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02 Mar

News and Analyses, A Foreign Perspective

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In Crimea, citizens stand for
self defense and Mother Russia

Sevastopol

Andrew Lubimov/AP

by Sam Narod

In port city of Sevastopol, people wave Russian flags and staff checkpoints to keep out those from Kiev and the West

Topics:

Ukraine Uprising

Russia

Foreign policy

Pakistani activists of Sunni Tehreek shout anti-Taliban slogans during a protest rally in Lahore on Feb. 28, 2014. The Pakistani Taliban announced a truce Saturday. Arif Ali/AFP/Getty

Pakistan Taliban announce truce

Announcement of month-long cease-fire comes after talks fell apart in wake of deadly Taliban attack on Pakistan troops

A spokesman for the Pakistani Taliban said Saturday that the group will observe a one-month cease-fire as part of efforts to negotiate a peace deal with the government.

Spokesman Shahidullah Shahid emailed reporters a notice saying the top leadership of the group has instructed all of its units to comply with the cease-fire.

Topics:

Taliban

Pakistan

Ukraine

Ukraine Uprising

Russia

International

U.S.

A nun’s secret ministry brings hope to the transgender community

Nathan Schneider explores the unresolved challenge of transgender identity for the Catholic Church

Topics:

U.S.

Transgender

Religion, Spirituality & Ethics

More:

Veterans In Depth

Working in the USA

Guns in America

The Guardian

Ukraine PM warns of war as Russian military seizes control in Crimea

Kiev puts armed forces on full combat alert, while UN security council holds emergency session to discuss crisis

  • Most recent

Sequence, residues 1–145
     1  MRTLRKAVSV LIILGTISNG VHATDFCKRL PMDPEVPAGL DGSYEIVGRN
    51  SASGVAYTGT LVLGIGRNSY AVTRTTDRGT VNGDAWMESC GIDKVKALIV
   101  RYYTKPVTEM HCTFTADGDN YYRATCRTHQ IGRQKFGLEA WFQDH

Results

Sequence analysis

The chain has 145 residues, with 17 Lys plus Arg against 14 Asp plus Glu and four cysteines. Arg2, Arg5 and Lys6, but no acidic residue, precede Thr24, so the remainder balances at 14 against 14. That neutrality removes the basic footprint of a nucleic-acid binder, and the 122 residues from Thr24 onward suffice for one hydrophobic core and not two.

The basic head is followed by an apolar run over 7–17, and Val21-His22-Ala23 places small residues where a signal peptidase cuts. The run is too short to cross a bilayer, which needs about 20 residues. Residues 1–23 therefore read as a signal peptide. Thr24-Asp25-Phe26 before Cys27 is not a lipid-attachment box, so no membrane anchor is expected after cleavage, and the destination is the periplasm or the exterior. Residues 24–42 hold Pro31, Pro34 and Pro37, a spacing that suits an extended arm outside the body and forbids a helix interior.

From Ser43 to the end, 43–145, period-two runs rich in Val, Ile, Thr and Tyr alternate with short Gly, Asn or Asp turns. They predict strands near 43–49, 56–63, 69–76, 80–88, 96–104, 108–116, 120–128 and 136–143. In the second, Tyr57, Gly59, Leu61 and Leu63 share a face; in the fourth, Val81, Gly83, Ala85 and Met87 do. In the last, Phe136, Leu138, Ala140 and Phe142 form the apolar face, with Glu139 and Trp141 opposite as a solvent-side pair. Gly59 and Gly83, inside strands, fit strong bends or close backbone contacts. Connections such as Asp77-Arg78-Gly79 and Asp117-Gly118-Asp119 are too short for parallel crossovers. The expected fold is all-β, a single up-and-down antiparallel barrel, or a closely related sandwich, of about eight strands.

Pro-Russian militants in Ukraine

Live 2 Mar 2014: Ukrainian PM warns of war in case of further escalation Russian senate approves use of Russian military in Ukraine

Opinion

IBM logo

IBM fires small-town workers for Wall Street numbers. That’s the good part

Heidi Moore (updated)

Heidi Moore: The anatomy of a layoff – by way of message board – reveals the powerlessness of company towns today

Endicott is a small town – a village, really – outside Binghamton, New York. It used to swarm with the energy of IBM employees. IBM put Endicott on the map. The tech giant had its first headquarters there in 1906, and the site is still called “Plant No 1” in company lore, commemorated with a nine-page chronology and photo album on IBM’s website. Endicott was the center of IBM innovation, playing home to annual conventions of engineers and experts in “tent cities“. At its height, the town – of around 13,000 people – counted 11,000 IBM employees in 16 office buildings.

Now most of those buildings are filled by the employees of other companies. According to an employee group known as the Alliance@IBM, Big Blue has only 720 employees left in Endicott, all in one building.

IBM lost a few more employees there last week, with a giant round of jobs cuts that swept through Endicott and other small towns where the computer powerhouse has a disproportionate effect on local economies: Essex Junction, Vermont; Rochester, Minnesota; Dubuque, Iowa; Poughkeepsie, New York; Tulsa, Oklahoma; Research Triangle Park, North Carolina; and Columbia, Missouri.

The target of employees’ ire is not just IBM; it’s the deal with the devil that they think IBM has struck with Wall Street. The less formal name for the Faustian contract is the 2015 roadmap, as it is known around IBM. Its premise is simple: IBM wants to deliver $20 earnings per share to its stockholders by 2015. That’s not exactly an easy task considering that right now, IBM’s EPS is $14.94 per share. As the company draws near its self-imposed deadline, investors seem to be skeptical, pushing its stock price down. IBM stock currently trades at $185, down 15% from its highest point in the past year.

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